Though he may call himself a cattle farmer, livestock marketer probably fits the bill a little better; it’s what has made his career for the last 30-plus years and made his role in the new regional market possible.

Queen has been in the business of marketing cattle since 1979, first at the now-defunct Western Carolina market in Asheville, then briefly with an ill-fated Canton market, and since 2005, an online video marketing outfit that’s made Queen’s company into a regional marketer and national and international seller. Over the years, the birth of online sales coupled with Queen’s natural fervor for the industry has led his operations to open out into a panoply of new venues and ventures.

Essentially, the way the system works, says Queen, is much like a live auction — but larger, quicker and more profitable and efficient for both buyer and seller. His team will trek out to farms in a three-state area, take stock of a farmer’s livestock — weight, height, conformation and various other statistics important to those whose business is the bovine market — then shoot video of the cattle in question. DVDs and catalogs are then sent to potential buyers, often middlemen for end-users like beef companies, and the cattle are hawked on live video auction every Monday. The online operation has 800 virtual seats for would-be buyers, and for many, Queen says it’s far-and-away more efficient than approaching farmers or attending small auctions to put together a load of cattle piecemeal.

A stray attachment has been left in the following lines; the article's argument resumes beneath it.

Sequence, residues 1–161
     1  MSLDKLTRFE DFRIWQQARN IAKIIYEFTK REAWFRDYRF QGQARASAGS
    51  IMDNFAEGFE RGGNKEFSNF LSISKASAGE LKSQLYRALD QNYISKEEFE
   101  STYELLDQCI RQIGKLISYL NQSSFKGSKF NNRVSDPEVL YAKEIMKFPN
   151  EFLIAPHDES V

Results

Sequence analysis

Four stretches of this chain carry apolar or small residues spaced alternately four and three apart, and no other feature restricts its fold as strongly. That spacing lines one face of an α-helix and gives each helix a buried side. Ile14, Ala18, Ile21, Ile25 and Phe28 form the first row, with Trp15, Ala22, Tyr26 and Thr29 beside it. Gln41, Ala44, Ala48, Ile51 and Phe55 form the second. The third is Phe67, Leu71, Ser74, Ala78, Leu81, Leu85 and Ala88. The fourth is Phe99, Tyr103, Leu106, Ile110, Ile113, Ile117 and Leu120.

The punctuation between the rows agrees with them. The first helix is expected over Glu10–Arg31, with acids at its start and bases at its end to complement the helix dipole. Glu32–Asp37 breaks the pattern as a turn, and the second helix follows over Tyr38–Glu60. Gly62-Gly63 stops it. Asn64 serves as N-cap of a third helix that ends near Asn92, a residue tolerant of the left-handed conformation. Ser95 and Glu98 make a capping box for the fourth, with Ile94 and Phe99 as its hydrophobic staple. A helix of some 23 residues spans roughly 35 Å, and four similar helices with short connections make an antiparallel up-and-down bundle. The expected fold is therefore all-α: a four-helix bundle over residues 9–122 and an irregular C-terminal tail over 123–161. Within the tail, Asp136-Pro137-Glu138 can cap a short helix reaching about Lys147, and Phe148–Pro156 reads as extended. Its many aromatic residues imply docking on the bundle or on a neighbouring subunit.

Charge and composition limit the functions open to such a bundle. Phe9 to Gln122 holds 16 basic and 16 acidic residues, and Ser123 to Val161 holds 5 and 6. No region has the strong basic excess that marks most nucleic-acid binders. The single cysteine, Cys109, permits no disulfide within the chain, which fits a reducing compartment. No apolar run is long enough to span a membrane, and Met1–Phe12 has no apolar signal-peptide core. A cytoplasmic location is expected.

“He can buy a tractor-trailer load of cattle in about 15 seconds, where he couldn’t buy a tractor-trailer load of cattle in a sale barn in a matter of two or three hours,” says Queen, which is quicker, more convenient and cost-effective for the buyers and more lucrative for the sellers, who can get a better price per head when they go in with other farmers.

It’s part of what Queen calls added-value sales, and it’s a pitch he’s pretty passionate about, because he sees it as the ideal solution for helping small-time cattlemen to stay afloat. It’s also what he hopes producers can get out of this market as well.